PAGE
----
Does your return policy ultimately affect customer experience and satisfaction?


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I recently ordered two wall hangings for my child’s room and they showed up damaged. I was undecided about the picture situation, but since I bought them so cheaply on clearance ($5!) I decided against the hassle to return them. The store’s customer service rep told me I would have to the store in person, bring a driver’s license and I couldn’t get my money back, only store credit. So I tossed my damaged pictures in the trash because ultimately I felt my time was more valuable in the end. This experience will not affect future purchases from this store. They had a return policy which they were enforcing which I was aware of (albeit in the fine print on their web site). I chose to forgo the policy. It had little to do with how I was treated on the phone by their customer service agent, she was perfectly nice. My decision had more to do with how I valued the purchase and what I was willing to go through to make it right. Does your company weigh the risk versus reward for your return policy and analyze how the good will extended beyond the policy ultimately affects the bottom line, including the customer experience and satisfaction?

“I had to fill out four forms, come down to your store twice and spent countless hours on the phone with your contact center agents to get my damaged TV replaced. You’re practically doing everything you can to avoid returns and that does not feel right to me.”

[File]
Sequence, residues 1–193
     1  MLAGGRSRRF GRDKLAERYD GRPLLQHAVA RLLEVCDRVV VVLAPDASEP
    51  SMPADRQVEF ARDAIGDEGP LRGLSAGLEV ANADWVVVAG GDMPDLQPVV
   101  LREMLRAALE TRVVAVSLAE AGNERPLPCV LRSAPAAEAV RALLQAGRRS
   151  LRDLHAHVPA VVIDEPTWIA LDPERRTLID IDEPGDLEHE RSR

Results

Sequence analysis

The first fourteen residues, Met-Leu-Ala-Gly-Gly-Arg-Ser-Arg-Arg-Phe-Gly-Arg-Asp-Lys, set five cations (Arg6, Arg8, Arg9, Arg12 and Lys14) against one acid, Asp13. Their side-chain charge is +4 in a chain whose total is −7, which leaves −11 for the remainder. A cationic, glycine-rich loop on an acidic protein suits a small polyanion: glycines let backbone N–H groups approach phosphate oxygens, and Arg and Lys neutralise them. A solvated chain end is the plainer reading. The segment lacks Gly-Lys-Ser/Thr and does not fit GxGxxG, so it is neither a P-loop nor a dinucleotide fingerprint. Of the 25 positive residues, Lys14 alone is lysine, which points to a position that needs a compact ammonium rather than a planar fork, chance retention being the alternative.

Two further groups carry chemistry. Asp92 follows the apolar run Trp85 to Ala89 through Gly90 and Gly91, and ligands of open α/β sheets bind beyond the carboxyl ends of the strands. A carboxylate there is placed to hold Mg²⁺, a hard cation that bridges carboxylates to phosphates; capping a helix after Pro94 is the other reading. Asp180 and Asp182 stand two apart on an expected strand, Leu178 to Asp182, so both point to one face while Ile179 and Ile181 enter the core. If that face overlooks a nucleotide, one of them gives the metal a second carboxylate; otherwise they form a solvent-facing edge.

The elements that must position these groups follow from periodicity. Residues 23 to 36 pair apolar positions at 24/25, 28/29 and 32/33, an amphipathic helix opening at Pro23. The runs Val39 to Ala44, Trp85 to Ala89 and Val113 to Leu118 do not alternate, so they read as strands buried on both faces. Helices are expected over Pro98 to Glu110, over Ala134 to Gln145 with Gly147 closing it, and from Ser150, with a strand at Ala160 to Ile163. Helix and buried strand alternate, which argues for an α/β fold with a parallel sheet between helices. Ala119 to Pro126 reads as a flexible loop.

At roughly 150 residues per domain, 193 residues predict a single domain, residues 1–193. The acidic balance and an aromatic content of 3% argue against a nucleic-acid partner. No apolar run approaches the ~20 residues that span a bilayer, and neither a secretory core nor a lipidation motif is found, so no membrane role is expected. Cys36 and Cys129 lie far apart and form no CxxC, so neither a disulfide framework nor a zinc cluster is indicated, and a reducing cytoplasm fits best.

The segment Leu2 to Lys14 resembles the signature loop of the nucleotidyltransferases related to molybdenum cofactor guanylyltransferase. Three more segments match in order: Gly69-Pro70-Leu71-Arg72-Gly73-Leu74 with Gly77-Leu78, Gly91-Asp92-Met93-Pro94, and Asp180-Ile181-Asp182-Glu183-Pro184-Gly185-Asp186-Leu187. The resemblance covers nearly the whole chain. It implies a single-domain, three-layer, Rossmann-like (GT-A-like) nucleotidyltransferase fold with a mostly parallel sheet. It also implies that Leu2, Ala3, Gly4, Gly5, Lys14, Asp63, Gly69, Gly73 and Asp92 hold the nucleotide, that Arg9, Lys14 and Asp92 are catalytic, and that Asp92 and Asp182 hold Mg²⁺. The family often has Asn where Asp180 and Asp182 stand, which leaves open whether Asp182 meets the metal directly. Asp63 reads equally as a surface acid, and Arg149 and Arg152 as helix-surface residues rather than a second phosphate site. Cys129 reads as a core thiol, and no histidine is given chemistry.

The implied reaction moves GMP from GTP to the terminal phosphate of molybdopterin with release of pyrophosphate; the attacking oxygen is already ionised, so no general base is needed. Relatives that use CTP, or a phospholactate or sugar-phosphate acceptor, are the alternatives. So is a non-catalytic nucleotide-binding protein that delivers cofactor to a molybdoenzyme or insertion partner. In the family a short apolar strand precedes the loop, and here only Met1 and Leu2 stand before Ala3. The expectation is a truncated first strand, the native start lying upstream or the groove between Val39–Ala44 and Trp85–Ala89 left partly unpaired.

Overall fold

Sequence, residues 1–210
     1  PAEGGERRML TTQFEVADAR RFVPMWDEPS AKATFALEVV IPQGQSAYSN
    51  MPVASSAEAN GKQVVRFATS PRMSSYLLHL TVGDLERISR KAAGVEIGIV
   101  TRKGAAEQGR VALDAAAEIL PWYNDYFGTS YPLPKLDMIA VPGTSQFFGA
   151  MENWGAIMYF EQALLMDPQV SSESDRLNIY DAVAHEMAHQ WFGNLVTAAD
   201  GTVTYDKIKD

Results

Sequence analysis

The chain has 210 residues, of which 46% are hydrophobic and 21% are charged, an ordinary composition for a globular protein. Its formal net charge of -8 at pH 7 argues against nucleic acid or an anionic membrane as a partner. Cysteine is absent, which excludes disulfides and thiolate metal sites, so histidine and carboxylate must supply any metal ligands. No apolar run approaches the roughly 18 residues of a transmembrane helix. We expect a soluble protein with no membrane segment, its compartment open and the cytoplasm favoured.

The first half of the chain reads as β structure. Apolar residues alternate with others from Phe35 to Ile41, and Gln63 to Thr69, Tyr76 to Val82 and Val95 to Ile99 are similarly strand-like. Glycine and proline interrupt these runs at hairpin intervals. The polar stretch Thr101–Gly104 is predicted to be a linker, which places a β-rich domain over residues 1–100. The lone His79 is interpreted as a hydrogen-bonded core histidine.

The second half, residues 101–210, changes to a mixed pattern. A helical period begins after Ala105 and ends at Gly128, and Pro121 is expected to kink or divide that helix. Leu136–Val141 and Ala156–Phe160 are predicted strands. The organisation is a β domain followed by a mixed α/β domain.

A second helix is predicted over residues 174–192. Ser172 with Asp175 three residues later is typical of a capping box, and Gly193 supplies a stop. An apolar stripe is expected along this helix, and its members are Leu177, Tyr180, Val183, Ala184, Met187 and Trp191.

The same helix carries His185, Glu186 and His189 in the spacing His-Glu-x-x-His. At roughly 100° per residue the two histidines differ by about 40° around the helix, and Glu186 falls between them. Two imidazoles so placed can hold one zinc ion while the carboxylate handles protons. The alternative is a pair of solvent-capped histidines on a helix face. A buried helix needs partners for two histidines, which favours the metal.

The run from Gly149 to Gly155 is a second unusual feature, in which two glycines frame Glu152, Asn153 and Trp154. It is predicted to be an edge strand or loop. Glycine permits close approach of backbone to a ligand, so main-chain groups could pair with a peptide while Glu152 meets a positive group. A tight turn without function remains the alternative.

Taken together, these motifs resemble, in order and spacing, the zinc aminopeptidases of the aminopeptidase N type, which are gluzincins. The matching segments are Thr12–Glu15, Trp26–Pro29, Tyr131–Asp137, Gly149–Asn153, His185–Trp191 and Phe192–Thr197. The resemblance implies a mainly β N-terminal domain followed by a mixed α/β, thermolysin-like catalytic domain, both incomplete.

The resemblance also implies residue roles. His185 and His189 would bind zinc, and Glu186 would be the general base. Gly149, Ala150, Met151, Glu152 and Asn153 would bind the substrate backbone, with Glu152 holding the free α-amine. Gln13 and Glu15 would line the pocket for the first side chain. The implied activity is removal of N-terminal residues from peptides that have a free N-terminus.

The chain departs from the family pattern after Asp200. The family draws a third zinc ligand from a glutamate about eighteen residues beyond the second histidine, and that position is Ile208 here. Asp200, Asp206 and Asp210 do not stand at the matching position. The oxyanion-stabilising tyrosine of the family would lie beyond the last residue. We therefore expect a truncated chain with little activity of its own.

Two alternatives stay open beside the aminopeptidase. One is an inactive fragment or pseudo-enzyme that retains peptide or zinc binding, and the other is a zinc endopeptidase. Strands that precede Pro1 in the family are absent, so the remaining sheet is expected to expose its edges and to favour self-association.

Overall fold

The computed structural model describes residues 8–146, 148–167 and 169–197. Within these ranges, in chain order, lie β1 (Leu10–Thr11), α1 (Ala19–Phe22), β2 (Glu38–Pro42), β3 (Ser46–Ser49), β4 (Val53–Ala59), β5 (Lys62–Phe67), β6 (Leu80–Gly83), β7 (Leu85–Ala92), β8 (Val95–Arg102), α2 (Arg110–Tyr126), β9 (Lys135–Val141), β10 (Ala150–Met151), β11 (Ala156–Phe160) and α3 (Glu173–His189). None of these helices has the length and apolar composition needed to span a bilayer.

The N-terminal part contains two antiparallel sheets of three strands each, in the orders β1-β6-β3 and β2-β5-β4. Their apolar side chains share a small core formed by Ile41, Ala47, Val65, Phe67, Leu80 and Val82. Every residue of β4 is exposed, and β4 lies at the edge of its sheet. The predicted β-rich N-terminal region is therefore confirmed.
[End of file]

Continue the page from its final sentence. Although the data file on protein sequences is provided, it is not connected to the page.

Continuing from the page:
“To my surprise you took back my kitchen appliance with zero hassle. It was my fault the lid broke but you took it back without any issue – talk about customer satisfaction. You have me for life!”

“I was so upset when my bookcase arrived with a huge scratch down the side. It took a bit of complaining to your call center agents (and their supervisors) but I got a full refund.”

Republished with author's permission from original post.

Jodie Monger
Jodie Monger, Ph.D. is the president of Customer Relationship Metrics (CRM) and a pioneer in business intelligence for the contact center industry. Dr. Jodie's work at CRM focuses on converting unstructured data into structured data for business action. Her research areas include customer experience, speech and operational analytics. Before founding CRM, she was the founding associate director of Purdue University's Center for Customer-Driven Quality.


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